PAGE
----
|VisionTek Ultimate Performance 1866Mhz DDR3|
|Reviews - Featured Reviews: Memory|
|Written by Austin Downing|
|Wednesday, 28 September 2011|
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VisionTek Ultimate Performance 1866MHz DDR3
Full Disclosure: The product sample used in this article has been provided by Visiontek.
Although it has been many years since VisionTek has produced memory they have recently started selling again with their Performance, High Performance, and Ultimate Performance memory kits. We will be looking at the VisionTek Ultimate Performance 1866MHz 10-10-10-24 (2x4GB) memory kit. Priced competitively at $80 VisionTek is attempting to enter a already crowded market. Benchmark Reviews will see if VisionTek Ultimate Performance memory stands out or just blends in with the rest of the crowd.
Years ago using the fastest possible memory was the only way to get the full potential out of a processor. This is because in the days before Sandy Bridge getting the highest clock possible was achieved using a combination of changing the clock multiplier, and increasing the FSB or base clock. Because changing these also increased the base speed of the memory using the fastest memory possible was only the only way to push a processor to its upper limits. But things have changed since the Sandy Bridge platform debuted, the only effective way to overclock is to increase the clock multiplier of the K SKU's meaning that memory speed is less important for overclocking and therefore companies are concentrating on dropping prices, and timing to compete with each other. As prices have dropped, users have started demanding more RAM for their systems. Mushkin's Redline has been a well-received product for many years and now they have updated their Redline series to be compatible with Intel's newest P67 chipset. This means that each kit of memory has a speed that is divisible by 266.6MHz so as to provide optimum speed in a user's system.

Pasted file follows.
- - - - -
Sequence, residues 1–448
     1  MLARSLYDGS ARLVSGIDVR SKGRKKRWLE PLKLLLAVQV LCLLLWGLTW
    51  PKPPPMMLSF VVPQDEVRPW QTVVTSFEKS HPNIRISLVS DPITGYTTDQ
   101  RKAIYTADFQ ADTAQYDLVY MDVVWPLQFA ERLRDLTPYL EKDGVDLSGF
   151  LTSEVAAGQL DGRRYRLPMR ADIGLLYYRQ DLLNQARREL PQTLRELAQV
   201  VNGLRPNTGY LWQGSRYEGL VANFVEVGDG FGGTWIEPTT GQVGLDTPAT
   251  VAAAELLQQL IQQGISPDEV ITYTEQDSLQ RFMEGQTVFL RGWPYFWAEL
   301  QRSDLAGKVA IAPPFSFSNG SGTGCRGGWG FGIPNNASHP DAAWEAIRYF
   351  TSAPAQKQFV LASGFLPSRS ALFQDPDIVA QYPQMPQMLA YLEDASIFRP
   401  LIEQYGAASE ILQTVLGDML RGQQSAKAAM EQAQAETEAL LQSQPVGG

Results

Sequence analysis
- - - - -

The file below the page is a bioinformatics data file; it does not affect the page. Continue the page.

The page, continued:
Benchmark Reviews wants to be able to provide the most accurate information on the performance of components to its readers and therefore has a very specific way in which tests are run on components. For RAM, each set is run first run through Memtest86+ at its advertised speed to insure that that there are no errors. Once passed a combination of pure benchmark based, and application based tests will be run a total of three times each. Once the results have been acquired the worst score of each test will be thrown out and the final two will be averaged resulting in the final score that will be presented to our readers.